Al Mutar: She was married to an extremist guy. This was in fucking North America. She didn’t grow up in Egypt or Palestine. She grew up in Vancouver (Canada). This is in the context of North America.

People like her and others. Those who live and grow up here. They have been helping me as well. Because when I speak about extremism, I can speak about them with extremism here. I have been dismissed in the terms mentioned before.

I get a personal benefit, not simply the charitable benefit of helping these people out. But I get the benefit of saying, “Okay, my friend grew up in an extremist household.” If someone says, “You have a foreign problem,” I can reply, “No, my friend grew up here and had the same problem.”

In fact, I would argue that I grew up more liberal in Baghdad than Mohammed in Vancouver. My parents were more liberal. So, what the fuck are you talking about here? Extremism, as with IBB, is also beyond borders.

Now, most of the world is infected by it. There needs to be a holistic and global solution to this international problem of extremism.

Appendix I: Footnotes

[1] Founder, Ideas Beyond Borders & Founder, Bayt Al-Hikma 2.0; Founder, Global Secular Humanist Movement.

[2] Individual Publication Date: July 1, 2019: http://www.in-sightjournal.com/mutar-two; Full Issue Publication Date: September 1, 2019: https://in-sightjournal.com/insight-issues/.

Appendix II: Citation Style Listing

American Medical Association (AMA): Jacobsen S. An Interview with Faisal Saeed Al Mutar on Bayt Al-Hikma 2.0 (Part Two) [Online].July 2019; 20(A). Available from: http://www.in-sightjournal.com/mutar-two.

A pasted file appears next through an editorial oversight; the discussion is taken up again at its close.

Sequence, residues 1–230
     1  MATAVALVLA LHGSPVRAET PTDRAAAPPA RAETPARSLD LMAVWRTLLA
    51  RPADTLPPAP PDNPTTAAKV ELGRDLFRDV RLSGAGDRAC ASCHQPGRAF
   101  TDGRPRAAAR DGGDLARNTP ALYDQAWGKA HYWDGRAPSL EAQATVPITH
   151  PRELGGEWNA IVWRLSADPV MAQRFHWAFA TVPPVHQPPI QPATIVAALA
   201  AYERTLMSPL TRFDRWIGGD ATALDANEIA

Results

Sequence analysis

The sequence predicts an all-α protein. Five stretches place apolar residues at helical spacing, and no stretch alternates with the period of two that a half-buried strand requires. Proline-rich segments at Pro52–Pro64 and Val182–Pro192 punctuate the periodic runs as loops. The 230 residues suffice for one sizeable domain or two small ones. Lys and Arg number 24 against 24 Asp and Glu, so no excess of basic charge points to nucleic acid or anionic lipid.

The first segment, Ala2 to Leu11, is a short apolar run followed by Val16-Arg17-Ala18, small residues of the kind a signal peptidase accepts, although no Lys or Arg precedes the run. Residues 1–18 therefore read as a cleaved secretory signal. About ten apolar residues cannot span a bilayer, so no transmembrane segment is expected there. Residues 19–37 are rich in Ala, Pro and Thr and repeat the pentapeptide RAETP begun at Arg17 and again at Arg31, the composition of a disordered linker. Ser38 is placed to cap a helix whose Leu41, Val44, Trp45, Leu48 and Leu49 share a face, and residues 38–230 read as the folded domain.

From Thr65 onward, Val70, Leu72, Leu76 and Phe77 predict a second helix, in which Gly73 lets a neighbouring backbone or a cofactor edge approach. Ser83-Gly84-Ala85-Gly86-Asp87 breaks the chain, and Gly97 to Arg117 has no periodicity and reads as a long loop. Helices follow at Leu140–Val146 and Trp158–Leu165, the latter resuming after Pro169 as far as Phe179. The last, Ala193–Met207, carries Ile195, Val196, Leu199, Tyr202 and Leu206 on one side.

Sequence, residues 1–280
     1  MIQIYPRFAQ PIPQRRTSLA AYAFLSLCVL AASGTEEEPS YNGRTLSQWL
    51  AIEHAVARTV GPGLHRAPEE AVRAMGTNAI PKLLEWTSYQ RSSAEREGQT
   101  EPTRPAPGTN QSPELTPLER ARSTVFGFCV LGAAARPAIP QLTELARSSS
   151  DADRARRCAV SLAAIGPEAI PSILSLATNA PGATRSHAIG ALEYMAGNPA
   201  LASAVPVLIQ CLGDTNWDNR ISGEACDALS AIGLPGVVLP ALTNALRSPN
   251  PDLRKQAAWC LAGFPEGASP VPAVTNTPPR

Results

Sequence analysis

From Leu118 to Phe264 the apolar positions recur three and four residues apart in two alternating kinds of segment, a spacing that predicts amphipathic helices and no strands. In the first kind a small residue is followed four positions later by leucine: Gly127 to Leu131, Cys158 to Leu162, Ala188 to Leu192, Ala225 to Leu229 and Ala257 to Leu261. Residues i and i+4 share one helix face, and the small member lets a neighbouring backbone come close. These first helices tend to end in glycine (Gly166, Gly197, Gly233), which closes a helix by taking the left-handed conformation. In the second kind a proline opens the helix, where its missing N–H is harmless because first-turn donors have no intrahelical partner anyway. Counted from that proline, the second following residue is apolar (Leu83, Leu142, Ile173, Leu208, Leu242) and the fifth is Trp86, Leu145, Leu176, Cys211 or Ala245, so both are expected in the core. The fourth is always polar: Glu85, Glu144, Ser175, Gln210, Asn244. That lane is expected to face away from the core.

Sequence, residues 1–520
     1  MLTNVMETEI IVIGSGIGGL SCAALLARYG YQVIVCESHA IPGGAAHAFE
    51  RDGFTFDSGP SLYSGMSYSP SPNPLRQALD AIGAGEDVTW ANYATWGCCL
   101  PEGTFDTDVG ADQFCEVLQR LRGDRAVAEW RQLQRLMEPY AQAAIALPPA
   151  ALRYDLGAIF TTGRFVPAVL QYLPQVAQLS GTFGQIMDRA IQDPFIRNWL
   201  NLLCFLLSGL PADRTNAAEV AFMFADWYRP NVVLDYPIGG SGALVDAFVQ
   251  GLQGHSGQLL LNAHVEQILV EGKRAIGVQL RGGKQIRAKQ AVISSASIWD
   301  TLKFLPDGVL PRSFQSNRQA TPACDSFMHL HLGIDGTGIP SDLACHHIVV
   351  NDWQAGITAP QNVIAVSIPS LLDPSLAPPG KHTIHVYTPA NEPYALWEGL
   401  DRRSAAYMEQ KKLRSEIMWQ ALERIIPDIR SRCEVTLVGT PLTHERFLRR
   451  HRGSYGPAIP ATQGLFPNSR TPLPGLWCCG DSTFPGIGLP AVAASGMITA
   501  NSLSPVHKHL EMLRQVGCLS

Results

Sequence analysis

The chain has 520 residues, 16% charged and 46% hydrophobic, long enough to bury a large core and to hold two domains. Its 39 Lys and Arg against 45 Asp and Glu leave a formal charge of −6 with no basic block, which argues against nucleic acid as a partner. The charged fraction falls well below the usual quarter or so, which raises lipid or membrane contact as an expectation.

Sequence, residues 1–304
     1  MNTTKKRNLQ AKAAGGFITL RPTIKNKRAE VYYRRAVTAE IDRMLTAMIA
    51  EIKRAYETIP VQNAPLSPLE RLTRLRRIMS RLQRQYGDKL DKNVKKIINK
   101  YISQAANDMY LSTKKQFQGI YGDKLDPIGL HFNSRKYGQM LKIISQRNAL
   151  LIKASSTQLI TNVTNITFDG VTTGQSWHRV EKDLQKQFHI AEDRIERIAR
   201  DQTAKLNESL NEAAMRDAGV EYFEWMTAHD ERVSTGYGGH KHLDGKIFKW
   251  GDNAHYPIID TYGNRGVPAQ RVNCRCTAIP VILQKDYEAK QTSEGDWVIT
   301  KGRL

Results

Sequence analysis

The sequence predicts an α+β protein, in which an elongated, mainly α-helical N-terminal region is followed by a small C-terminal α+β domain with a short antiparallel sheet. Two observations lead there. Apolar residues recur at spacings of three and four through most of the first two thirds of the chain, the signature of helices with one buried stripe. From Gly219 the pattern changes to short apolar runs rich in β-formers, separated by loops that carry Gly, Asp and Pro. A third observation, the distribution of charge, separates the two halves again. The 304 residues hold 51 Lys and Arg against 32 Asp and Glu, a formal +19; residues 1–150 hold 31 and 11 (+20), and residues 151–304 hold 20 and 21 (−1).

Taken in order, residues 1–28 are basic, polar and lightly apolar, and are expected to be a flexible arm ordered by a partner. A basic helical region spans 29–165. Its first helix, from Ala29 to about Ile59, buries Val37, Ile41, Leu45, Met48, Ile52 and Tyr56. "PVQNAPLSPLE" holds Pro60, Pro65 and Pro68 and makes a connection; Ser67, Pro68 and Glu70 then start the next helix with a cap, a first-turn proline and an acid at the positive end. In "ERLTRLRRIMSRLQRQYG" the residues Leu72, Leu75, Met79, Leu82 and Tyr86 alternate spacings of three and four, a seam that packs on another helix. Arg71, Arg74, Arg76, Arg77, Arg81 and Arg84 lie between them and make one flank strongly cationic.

American Psychological Association (APA, 6th Edition, 2010): Jacobsen, S.D. (2019, July 1). An Interview with Faisal Saeed Al Mutar on Bayt Al-Hikma 2.0 (Part Two)Retrieved from http://www.in-sightjournal.com/mutar-two.

Brazilian National Standards (ABNT): JACOBSEN, S. An Interview with Faisal Saeed Al Mutar on Bayt Al-Hikma 2.0 (Part Two). In-Sight: Independent Interview-Based Journal. 20.A, July. 2019. <http://www.in-sightjournal.com/mutar-two>.

Chicago/Turabian, Author-Date (16th Edition): Jacobsen, Scott. 2019. “An Interview with Faisal Saeed Al Mutar on Bayt Al-Hikma 2.0 (Part Two).” In-Sight: Independent Interview-Based Journal. 20.A. http://www.in-sightjournal.com/mutar-two.

Chicago/Turabian, Humanities (16th Edition): Jacobsen, Scott “An Interview with Faisal Saeed Al Mutar on Bayt Al-Hikma 2.0 (Part Two).” In-Sight: Independent Interview-Based Journal. 20.A (June 2019). http://www.in-sightjournal.com/mutar-two.

Harvard: Jacobsen, S. 2019, ‘An Interview with Faisal Saeed Al Mutar on Bayt Al-Hikma 2.0 (Part Two)In-Sight: Independent Interview-Based Journal, vol. 20.A. Available from: <http://www.in-sightjournal.com/mutar-two>.

Harvard, Australian: Jacobsen, S. 2019, ‘An Interview with Faisal Saeed Al Mutar on Bayt Al-Hikma 2.0 (Part Two)In-Sight: Independent Interview-Based Journal, vol. 20.A., http://www.in-sightjournal.com/mutar-two

Modern Language Association (MLA, 7th Edition, 2009): Scott D. Jacobsen. “An Interview with Faisal Saeed Al Mutar on Bayt Al-Hikma 2.0 (Part Two).” In-Sight: Independent Interview-Based Journal 20.A (2019):July. 2019. Web. <http://www.in-sightjournal.com/mutar-two>.

Vancouver/ICMJE: Jacobsen S. An Interview with Faisal Saeed Al Mutar on Bayt Al-Hikma 2.0 (Part Two) [Internet]. (2019, July 20(A). Available from: http://www.in-sightjournal.com/mutar-two.

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Based on a work at www.in-sightjournal.com.

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© Scott Douglas Jacobsen, and In-Sight Publishing and In-Sight: Independent Interview-Based Journal 2012-2019. Unauthorized use and/or duplication of this material without express and written permission from this site’s author and/or owner is strictly prohibited. Excerpts and links may be used, provided that full and clear credit is given to Scott Douglas Jacobsen, and In-Sight Publishing and In-Sight: Independent Interview-Based Journal with appropriate and specific direction to the original content.  All interviewees co-copyright their interview material and may disseminate for their independent purposes.